In Brief

What does Moyes 'slap' threat reveal about football and him?

Commentators weigh in on whether the Sunderland manager's comments to BBC reporter Vicky Sparks had a deeper meaning

A day after it emerged that Sunderland manager David Moyes had warned a female BBC reporter to "be careful" or she might get a "slap" for asking "naughty" questions, debate rages over what sanction the former Everton and Manchester United boss should face.

Some have called for him to be sacked from the Wearside club and others want him to face an FA charge. There are also concerns that the episode has exposed the misogyny at the heart of the game.

Moyes's comments to Vicky Sparks, made when he thought the cameras had stopped rolling, made him look like "a dinosaur seemingly stuck in the 1950s and thoroughly out of step with the 21st-century world", says Louise Taylor of The Guardian

He appeared to betray "a latent lack of respect for women reporters", she says, adding: "Until relatively recently, such mindsets were, if not exactly the norm, fairly widespread."

However, Taylor says, times have changed, which is evident in the way the incident was handled.

"The good news is that (giving Sunderland's manager the benefit of the doubt and assuming he was not told how to respond) Moyes felt the need to apologise, Sparks's editors were outraged and, once the story was leaked to the Daily Star, the wider media decided it had legs. At one time it would have been very hard to envisage a manager picking up the phone in a similar scenario, media bosses being sympathetic or news organisations deciding the issue was remotely worth pursuing."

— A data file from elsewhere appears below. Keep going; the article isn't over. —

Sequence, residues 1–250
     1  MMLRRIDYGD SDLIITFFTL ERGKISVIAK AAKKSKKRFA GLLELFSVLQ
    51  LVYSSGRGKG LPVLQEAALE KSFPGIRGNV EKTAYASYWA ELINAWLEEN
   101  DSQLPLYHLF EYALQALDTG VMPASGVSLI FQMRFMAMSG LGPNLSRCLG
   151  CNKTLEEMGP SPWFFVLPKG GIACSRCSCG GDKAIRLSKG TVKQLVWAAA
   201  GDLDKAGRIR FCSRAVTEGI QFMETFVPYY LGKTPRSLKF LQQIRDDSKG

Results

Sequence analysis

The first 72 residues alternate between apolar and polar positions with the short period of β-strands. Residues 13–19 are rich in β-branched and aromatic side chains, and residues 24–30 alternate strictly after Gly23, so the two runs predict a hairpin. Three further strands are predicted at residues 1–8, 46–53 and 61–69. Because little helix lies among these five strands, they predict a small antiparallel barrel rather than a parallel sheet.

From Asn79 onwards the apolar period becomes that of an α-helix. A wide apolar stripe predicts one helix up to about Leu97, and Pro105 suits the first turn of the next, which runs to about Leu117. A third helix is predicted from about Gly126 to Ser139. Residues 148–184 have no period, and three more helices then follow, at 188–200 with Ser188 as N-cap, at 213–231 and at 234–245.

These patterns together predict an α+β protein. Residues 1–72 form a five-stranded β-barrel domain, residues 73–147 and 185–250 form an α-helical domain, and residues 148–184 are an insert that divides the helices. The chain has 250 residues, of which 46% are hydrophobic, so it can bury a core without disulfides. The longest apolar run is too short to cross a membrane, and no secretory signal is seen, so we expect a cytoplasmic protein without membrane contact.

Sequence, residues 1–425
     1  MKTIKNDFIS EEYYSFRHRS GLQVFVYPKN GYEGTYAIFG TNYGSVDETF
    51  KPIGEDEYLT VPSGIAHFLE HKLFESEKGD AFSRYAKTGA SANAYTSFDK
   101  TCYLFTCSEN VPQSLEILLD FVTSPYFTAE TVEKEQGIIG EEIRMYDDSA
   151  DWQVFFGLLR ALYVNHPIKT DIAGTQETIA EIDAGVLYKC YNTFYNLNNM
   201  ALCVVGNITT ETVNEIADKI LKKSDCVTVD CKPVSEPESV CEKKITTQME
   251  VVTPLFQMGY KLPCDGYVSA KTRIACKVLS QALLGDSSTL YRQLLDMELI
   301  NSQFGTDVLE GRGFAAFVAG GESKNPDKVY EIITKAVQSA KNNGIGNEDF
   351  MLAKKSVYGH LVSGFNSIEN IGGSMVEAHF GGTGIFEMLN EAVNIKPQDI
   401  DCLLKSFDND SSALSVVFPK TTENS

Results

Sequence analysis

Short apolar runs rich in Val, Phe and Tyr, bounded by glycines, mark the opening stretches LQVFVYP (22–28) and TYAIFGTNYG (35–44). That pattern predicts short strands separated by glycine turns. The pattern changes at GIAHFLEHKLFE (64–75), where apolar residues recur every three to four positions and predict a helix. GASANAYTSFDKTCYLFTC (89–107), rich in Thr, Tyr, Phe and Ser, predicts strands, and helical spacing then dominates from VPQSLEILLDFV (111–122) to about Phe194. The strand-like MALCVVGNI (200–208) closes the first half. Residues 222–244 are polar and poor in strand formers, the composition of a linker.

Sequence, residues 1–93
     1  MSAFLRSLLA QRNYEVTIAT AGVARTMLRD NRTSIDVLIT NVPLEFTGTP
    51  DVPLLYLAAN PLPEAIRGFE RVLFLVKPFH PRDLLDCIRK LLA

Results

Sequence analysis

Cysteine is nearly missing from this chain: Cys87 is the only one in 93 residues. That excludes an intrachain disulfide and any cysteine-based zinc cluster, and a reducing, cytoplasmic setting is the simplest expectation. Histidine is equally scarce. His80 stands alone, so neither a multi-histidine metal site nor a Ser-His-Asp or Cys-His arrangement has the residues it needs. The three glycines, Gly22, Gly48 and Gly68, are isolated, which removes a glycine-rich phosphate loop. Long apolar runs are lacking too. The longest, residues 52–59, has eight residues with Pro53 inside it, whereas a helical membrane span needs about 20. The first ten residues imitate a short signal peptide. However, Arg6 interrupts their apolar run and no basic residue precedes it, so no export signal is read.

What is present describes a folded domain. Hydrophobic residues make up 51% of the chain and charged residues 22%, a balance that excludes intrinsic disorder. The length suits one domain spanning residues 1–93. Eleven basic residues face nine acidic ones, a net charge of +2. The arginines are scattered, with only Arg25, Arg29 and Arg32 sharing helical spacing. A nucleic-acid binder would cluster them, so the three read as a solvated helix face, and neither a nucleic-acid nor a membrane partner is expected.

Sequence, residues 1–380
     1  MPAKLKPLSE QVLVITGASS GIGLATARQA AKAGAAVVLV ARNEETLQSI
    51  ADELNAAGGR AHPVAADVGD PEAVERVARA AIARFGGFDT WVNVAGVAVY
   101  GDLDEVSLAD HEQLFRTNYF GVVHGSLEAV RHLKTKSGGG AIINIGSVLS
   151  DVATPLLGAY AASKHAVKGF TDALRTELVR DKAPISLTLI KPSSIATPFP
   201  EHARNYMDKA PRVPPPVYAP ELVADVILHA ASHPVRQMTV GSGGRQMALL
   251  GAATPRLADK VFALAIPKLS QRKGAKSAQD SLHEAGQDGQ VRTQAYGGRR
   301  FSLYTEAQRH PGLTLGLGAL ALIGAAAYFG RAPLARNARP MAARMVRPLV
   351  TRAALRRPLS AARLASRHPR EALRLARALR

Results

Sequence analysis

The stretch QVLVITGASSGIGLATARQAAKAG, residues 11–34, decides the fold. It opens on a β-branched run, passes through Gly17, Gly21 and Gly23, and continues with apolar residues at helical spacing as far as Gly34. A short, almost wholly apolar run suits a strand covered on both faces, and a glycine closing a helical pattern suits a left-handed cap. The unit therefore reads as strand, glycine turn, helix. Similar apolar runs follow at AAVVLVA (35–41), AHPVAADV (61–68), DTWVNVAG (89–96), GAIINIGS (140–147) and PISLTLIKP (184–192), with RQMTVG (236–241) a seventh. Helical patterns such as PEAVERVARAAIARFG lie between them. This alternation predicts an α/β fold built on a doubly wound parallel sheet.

Henry Winter of The Times says the row has exposed the "misogyny rampant in the darker depths of social media" rather than football.

"Moyes was foolish, and disrespectful to somebody doing her job, but one mistake does not automatically mean that hysterical calls for his resignation or dismissal need heeding. But it will inevitably require some sanction from the FA, including Moyes attending a special FA-endorsed course.

"It is not only Moyes's hastily withdrawn remarks that form the depressing part of this narrative. What should also alarm the FA is the venomous, one-eyed reaction of so many Neanderthals still lurking in the digital shadows, belittling a woman's right to ask a football question."

But does the episode also reveal more about Moyes's ability to handle the pressure of top flight management? Ian Ladyman of the Daily Mail believes so.

"It was patronising, unequivocal and maybe a little sinister," he says. "It makes for uncomfortable viewing through a computer screen, so no prizes for guessing how it felt for Sparks. Moyes's subsequent telephone apology may have been sincere but does not represent mitigation.

"However, this episode is not really about Moyes's perception of women or violence. There is no great evidence in his 35-year football back story of problems with either. Rather, it speaks of a fundamental coping problem with the strains of his profession."